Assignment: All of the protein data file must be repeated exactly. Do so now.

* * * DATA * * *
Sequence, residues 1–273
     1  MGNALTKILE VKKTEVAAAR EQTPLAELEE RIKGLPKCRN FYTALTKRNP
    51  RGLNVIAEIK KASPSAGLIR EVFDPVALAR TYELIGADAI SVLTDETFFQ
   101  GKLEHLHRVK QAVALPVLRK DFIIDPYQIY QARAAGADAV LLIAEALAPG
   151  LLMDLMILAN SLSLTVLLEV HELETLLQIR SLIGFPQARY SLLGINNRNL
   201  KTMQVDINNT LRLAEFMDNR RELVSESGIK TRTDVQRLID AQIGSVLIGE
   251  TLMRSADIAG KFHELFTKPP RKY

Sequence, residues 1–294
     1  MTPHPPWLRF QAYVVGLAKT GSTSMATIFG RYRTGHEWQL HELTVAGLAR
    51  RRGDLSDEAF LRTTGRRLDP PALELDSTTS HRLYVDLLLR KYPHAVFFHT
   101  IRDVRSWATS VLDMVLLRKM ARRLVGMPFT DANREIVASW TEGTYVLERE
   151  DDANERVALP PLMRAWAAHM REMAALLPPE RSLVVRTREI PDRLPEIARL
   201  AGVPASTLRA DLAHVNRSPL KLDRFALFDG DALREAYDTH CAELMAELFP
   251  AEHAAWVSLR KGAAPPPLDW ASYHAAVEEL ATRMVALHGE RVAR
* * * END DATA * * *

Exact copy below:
Sequence, residues 1–273
     1  MGNALTKILE VKKTEVAAAR EQTPLAELEE RIKGLPKCRN FYTALTKRNP
    51  RGLNVIAEIK KASPSAGLIR EVFDPVALAR TYELIGADAI SVLTDETFFQ
   101  GKLEHLHRVK QAVALPVLRK DFIIDPYQIY QARAAGADAV LLIAEALAPG
   151  LLMDLMILAN SLSLTVLLEV HELETLLQIR SLIGFPQARY SLLGINNRNL
   201  KTMQVDINNT LRLAEFMDNR RELVSESGIK TRTDVQRLID AQIGSVLIGE
   251  TLMRSADIAG KFHELFTKPP RKY

Sequence, residues 1–294
     1  MTPHPPWLRF QAYVVGLAKT GSTSMATIFG RYRTGHEWQL HELTVAGLAR
    51  RRGDLSDEAF LRTTGRRLDP PALELDSTTS HRLYVDLLLR KYPHAVFFHT
   101  IRDVRSWATS VLDMVLLRKM ARRLVGMPFT DANREIVASW TEGTYVLERE
   151  DDANERVALP PLMRAWAAHM REMAALLPPE RSLVVRTREI PDRLPEIARL
   201  AGVPASTLRA DLAHVNRSPL KLDRFALFDG DALREAYDTH CAELMAELFP
   251  AEHAAWVSLR KGAAPPPLDW ASYHAAVEEL ATRMVALHGE RVAR